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Fijians Split From United Methodist Church Over Same-Sex Marriage

Fijians in California, the United States of America (USA), have split from the mainstream United Methodist Church over same-sex marriage. Their spokesperson, former national and Lautoka rugby skipper Naibuka Vuli,
20 Aug 2019 12:30
Fijians Split From United Methodist Church Over Same-Sex Marriage
The annual conference of the Methodist Church in Fiji and Rotuma at the Suva Centenary Church at Stewart Street in Suva. Photo: Ronald Kumar

Fijians in California, the United States of America (USA), have split from the mainstream United Methodist Church over same-sex marriage.

Their spokesperson, former national and Lautoka rugby skipper Naibuka Vuli, said they did not support same-sex marriage.

But the mainstream church allowed it, he added.

Mr Vuli is a delegate at the annual conference of the Methodist Church in Fiji and Rotuma at the Suva Centenary Church this week.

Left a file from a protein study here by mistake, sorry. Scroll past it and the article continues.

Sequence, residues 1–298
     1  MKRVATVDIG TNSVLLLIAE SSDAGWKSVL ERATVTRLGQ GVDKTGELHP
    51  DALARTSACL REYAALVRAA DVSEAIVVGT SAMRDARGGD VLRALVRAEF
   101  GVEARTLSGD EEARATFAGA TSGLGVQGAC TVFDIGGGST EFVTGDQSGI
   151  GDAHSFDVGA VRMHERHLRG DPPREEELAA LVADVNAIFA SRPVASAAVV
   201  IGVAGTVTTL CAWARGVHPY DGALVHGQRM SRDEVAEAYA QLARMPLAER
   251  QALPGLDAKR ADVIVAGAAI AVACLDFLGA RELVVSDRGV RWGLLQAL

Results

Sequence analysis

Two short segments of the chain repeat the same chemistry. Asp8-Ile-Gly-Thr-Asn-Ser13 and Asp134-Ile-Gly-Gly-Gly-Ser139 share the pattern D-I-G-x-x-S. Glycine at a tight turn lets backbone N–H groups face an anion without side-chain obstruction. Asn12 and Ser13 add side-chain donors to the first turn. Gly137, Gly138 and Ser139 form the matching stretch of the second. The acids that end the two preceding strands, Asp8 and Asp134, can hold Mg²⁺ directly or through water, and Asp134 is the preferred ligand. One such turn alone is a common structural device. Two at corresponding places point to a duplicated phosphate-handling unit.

He said same-sex marriage was legal in California.

Mr Vuli said Christian marriage “is the union between a man and a woman, instituted and ordained by God.

“It’s a lifelong relationship between one man as a husband, and one woman as a wife,” he said.

“We will not go away from that definition and we will stick to it.”

Members of the United Methodist Church in California, he said, were using their rights to decide who to marry.

He said they had formed the Kenani Vou Methodist Church and had presented a whale’s tooth (kamunaga) to the president of the Methodist Church in Fiji and Rotuma to recognise them.

“I’m glad to say that the Methodist Church in Fiji has recognised the Kenani Vou Methodist Church in California,” he said.

Meanwhile, while opening the conference (Bose Ko Viti), the president,  Reverend Epineri Vakadewavosa, said one of his great concerns was the division in the church congregation overseas because of the LGBT (lesbian, gay, bisexual, and transgender) community.

“I will not go into the details,” he said.

This, he said, was revealed to him during his visit to Britain last year. The issue, he said, was highlighted by Reverend Sekove Veisa from America. It was also happening in New Zealand and Australia. He said it was a very sensitive issue and he was asking delegates for their prayers.

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